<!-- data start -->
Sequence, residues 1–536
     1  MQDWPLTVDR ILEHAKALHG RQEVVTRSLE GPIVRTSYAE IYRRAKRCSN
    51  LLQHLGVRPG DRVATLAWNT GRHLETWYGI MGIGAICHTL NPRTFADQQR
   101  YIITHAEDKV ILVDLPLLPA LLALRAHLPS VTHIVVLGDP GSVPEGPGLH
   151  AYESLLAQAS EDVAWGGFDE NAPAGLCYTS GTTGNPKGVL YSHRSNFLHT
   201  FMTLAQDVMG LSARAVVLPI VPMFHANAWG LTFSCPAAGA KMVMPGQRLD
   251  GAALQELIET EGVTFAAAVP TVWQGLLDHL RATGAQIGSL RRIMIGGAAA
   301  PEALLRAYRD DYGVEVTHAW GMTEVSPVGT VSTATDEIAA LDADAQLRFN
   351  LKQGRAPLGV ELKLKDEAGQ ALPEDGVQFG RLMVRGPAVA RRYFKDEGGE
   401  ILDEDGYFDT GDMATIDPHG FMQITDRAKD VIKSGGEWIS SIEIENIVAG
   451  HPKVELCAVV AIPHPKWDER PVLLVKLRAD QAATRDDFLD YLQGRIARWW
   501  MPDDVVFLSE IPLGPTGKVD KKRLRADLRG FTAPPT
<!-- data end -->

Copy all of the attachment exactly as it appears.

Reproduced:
Sequence, residues 1–536
     1  MQDWPLTVDR ILEHAKALHG RQEVVTRSLE GPIVRTSYAE IYRRAKRCSN
    51  LLQHLGVRPG DRVATLAWNT GRHLETWYGI MGIGAICHTL NPRTFADQQR
   101  YIITHAEDKV ILVDLPLLPA LLALRAHLPS VTHIVVLGDP GSVPEGPGLH
   151  AYESLLAQAS EDVAWGGFDE NAPAGLCYTS GTTGNPKGVL YSHRSNFLHT
   201  FMTLAQDVMG LSARAVVLPI VPMFHANAWG LTFSCPAAGA KMVMPGQRLD
   251  GAALQELIET EGVTFAAAVP TVWQGLLDHL RATGAQIGSL RRIMIGGAAA
   301  PEALLRAYRD DYGVEVTHAW GMTEVSPVGT VSTATDEIAA LDADAQLRFN
   351  LKQGRAPLGV ELKLKDEAGQ ALPEDGVQFG RLMVRGPAVA RRYFKDEGGE
   401  ILDEDGYFDT GDMATIDPHG FMQITDRAKD VIKSGGEWIS SIEIENIVAG
   451  HPKVELCAVV AIPHPKWDER PVLLVKLRAD QAATRDDFLD YLQGRIARWW
   501  MPDDVVFLSE IPLGPTGKVD KKRLRADLRG FTAPPT